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Who Gets to Keep the Pet in a Florida Divorce?

It is a cliché in movies and country songs alike that when a couple goes through a divorce, each party’s main concern is, who gets the dog? For many couples, pets are like family members. They are trusty, loyal, and are there to protect you in moments of imminent danger. That is why, for so many people, the thought of losing Fido to the other spouse is heart wrenching—especially because the courts do not treat pets like the children their owners view them to be, and they do not grant “custody rights” or “visitation” to each spouse. Sadly, pets are mere objects in the court’s eyes, and are treated as a coffee table or television would be. With that in mind, the individuals party to a divorce want to know: How do the courts determine who gets the pet?

Factors a Judge Considers When Homing a Pet

Florida is an equitable distribution state, meaning that the Florida courts divide marriage property in a way that is fair and not necessarily equal (Florida Statute 61.075). The Florida courts do not grant “shared parenting” to property, so in the event of a divorce, the pet – which is property – is going to be given to one spouse or the other, and not both. But because a pet is a living thing, how the courts choose which spouse will get the pet may be a little more involved than how he or she distributes true property, such as furniture, vehicles, and the house.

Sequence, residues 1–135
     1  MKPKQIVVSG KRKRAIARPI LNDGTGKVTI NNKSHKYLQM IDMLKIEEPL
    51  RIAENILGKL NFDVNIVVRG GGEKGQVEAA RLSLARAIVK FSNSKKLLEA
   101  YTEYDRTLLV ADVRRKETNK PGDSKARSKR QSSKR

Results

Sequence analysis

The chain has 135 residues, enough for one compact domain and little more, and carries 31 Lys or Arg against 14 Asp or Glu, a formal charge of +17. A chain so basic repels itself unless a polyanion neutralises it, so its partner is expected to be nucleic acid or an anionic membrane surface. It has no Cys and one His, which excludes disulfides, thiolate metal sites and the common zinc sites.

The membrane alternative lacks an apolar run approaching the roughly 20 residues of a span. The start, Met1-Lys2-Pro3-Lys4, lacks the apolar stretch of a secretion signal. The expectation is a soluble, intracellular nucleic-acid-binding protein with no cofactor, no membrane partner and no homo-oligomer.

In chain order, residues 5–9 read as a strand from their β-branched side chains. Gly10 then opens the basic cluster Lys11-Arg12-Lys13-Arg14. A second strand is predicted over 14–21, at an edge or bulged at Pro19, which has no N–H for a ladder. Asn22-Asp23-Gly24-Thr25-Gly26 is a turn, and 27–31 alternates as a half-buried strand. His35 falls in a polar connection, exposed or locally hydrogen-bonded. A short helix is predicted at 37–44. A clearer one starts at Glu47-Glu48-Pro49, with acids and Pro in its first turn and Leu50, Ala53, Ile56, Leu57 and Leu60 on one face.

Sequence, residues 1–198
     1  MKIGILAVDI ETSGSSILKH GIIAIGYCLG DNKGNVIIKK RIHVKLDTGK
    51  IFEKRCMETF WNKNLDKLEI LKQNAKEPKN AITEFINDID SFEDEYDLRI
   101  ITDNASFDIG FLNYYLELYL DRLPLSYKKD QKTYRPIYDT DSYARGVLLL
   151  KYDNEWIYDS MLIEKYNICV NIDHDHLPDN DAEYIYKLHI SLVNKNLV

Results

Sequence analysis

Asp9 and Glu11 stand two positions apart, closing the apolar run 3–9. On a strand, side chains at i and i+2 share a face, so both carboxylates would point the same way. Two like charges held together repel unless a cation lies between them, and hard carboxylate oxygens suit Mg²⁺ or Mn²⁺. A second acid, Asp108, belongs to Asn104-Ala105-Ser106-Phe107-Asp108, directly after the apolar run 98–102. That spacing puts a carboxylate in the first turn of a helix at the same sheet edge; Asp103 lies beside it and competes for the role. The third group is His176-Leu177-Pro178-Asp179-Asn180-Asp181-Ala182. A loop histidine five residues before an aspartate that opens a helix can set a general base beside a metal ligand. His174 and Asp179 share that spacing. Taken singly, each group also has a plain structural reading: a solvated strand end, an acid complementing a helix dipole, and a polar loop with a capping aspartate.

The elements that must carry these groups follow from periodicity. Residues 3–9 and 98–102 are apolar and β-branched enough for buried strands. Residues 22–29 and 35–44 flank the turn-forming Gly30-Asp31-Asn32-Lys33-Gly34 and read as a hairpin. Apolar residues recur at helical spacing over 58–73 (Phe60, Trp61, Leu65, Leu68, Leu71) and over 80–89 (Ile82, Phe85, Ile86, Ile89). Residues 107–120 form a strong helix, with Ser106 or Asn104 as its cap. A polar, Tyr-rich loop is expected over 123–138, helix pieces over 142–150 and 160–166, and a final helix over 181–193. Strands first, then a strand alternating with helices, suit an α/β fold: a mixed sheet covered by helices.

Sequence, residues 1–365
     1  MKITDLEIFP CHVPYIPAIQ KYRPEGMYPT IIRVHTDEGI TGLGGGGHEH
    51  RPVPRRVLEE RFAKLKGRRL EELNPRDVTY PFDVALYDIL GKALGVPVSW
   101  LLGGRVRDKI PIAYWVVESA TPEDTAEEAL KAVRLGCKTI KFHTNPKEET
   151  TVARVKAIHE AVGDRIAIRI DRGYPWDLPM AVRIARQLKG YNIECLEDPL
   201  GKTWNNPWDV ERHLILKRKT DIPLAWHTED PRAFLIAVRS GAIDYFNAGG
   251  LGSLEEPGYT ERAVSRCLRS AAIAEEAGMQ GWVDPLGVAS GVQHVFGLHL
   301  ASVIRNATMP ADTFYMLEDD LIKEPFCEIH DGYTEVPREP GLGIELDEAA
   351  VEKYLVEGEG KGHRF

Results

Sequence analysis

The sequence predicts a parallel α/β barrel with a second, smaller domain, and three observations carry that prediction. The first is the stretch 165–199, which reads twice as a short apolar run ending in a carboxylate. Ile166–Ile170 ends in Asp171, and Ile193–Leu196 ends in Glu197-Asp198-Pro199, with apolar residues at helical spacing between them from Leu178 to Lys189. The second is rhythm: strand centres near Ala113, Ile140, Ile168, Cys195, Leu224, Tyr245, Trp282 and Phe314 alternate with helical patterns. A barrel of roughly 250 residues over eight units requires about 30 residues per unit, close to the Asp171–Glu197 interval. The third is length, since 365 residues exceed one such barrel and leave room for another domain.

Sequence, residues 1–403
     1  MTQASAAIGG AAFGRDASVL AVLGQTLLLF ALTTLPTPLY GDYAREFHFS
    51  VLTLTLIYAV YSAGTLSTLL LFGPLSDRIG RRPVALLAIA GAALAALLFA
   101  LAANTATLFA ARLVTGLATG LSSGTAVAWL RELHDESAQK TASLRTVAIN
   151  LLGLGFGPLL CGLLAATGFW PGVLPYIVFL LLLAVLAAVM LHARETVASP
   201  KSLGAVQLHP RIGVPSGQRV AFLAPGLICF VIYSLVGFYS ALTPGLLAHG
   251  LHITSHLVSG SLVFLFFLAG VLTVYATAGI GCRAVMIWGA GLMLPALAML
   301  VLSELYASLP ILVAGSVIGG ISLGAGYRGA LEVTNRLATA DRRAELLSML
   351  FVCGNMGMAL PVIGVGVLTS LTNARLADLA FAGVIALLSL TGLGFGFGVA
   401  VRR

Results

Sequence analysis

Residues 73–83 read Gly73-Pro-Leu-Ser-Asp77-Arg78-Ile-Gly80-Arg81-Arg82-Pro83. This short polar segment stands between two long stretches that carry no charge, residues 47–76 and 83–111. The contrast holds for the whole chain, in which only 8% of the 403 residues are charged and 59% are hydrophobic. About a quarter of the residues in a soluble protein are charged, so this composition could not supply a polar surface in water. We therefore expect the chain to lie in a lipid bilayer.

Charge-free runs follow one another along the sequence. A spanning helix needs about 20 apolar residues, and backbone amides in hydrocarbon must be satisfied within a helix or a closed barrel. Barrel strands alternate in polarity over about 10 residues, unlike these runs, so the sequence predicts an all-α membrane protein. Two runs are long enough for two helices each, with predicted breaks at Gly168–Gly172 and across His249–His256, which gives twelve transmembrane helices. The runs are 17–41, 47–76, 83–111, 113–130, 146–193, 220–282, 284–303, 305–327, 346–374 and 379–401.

Before either party stresses too much about who will get the family pet in divorce, know that the judge will first determine whether or not the pet is actually marital property, or if he or she is separate property—meaning, one of the spouses brought the pet into the marriage, as opposed to the couple buying the pet together. If the pet is separate property, the judge will automatically grant ownership to the individual who brought the pet into the marriage in the first place.

However, if the pet is marital property, the judge will consider the following factors before determining who gets Fido:

  • The monetary value of the pet and the contribution of each spouse to that value. Contributions to value may include who paid for the pet, who took care of the pet on a daily basis, and who provided the basic necessities for the pet;
  • Each spouse’s physical and emotional health, and how his or her health may affect his or her ability to care for the pet; and
  • Child custody arrangements. A judge may choose to award the family pet to the custodial parent.

Unlike with children, a judge is not required to factor in the best interests of the pet, and so is not likely to make a decision based off of what the pet needs. However, they will consider each party’s needs, and may make a determination based off of who could benefit the most from the pet living in their home.

Shared Parenting for the Pet

If you and your spouse are both extremely attached to the family pet, you may want to consider writing up a separate sort of “shared parenting” agreement for the pet. For example, you may agree that the pet can travel back and forth with the children, or that each spouse will get to spend every other week with the pet. You can include this plan as a part of the official divorce agreement.

Consult a Boca Raton Divorce Attorney

At the Law Offices of Schwartz | White, our Boca Raton attorneys fully understand just how important a pet can be to an individual. If you and your former spouse shared a pet, and if you feel entitled to full rights to it, divorce lawyers can argue on your behalf in court for the right to keep your pet in your home. To consult a divorce attorney, contact our family law firm at 561-391-9943 or online today.

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